This article was written by Natalie Akle.
Every female athlete’s dream of achieving equality with their male counterparts isn’t as far out of reach as we thought. In fact, according to new research, women’s sport has the broad engagement, influence and value that appeals to mass audiences.
The Nielsen Sport’s market research report, The Rise of Women’s Sports, determined that women’s sport is growing faster than ever, where a survey across eight key markets around the world found that 84 per cent of sports fans, including 51 per cent of male fans, are interested in engaging in women’s sport.
This doesn’t only provide hard-evidence that a gender-balance in the sporting industry is
fast-approaching but it also leaves no viable excuse for sports media to treat female sport as inferior to its male divisions.
The current cultural climate is perfect for the growth of women’s leagues where the importance of diversity and equality parallel perfectly with the principles of female sport, according to the study.
“Women’s sport has intangible association value,” said Nielsen Sport’s Monique Perry and Kayla Ramiscal, in their report.
According to the research, women’s sport should attract more sponsors with increased exposure, due to its positive sentiment and inspirational image.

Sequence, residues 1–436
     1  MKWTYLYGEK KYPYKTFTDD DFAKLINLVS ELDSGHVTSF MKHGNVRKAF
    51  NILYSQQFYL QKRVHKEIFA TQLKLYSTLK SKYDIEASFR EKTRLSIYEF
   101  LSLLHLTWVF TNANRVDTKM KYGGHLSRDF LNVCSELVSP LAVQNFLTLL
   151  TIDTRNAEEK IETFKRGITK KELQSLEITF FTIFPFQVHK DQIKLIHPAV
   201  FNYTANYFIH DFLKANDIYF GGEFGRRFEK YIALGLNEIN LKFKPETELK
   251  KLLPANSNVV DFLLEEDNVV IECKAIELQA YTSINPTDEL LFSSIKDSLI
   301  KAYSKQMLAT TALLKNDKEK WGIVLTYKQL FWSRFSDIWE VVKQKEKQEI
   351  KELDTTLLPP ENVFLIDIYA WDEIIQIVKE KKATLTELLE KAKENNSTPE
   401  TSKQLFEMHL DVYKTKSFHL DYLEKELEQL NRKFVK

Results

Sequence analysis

“Female athletes are seen as inspirational, considered role models and positive advocates of healthy body image,” said Perry and Ramiscal.
But despite the audience’s desire to see female athletes succeed, women’s sport only represents 10 per cent of live sports broadcast, according to the Nielsen Sport’s report.
“it is widely assumed that the attendance and viewing is just not there,” said Perry and Ramiscal.
So, what can be done to ensure the statistics are translated into action towards mending these misconceptions and installing women’s sport into mainstream media?
“Overcoming barriers to engagement is key,” said Perry and Ramiscal.
According to the report, viewers take a higher interest in women’s leagues when free-to-air broadcasting is made available, where 48 per cent of people say they would watch more women’s sport if it was accessible on free-to-air TV or free online.
Through increasing the exposure of women’s sport and placing a heavier focus on broadcasting, female leagues will inevitably attract broader audiences, ultimately encouraging major sponsorship deals, which produce monetary return.
The report uses the Women’s Big Bash League (WBBL) broadcasting model to exemplify the success of increasing media engagement amongst women’s sport. Through obtaining the free-to-air partner, Channel Seven, Australia’s interest in women’s cricket has increased to 43 per cent. Not only did this attract a major sponsor, like Rebel Sport, but it also produced revenue for the sport.
The study confirms that the solution to bridging the gender-gap in Australian sport is in arms-reach. Allowing women’s sport to become more accessible, especially on free-to-air TV, will prompt a desire for sponsors to invest in female leagues and contribute to the growing market.
“Women’s sport represents a chance to develop a new commercial proposition and engage fans in a different way,” said Perry and Ramiscal.
“The rate of change in women’s sport is one of the most exciting trends in the sports industry right now.”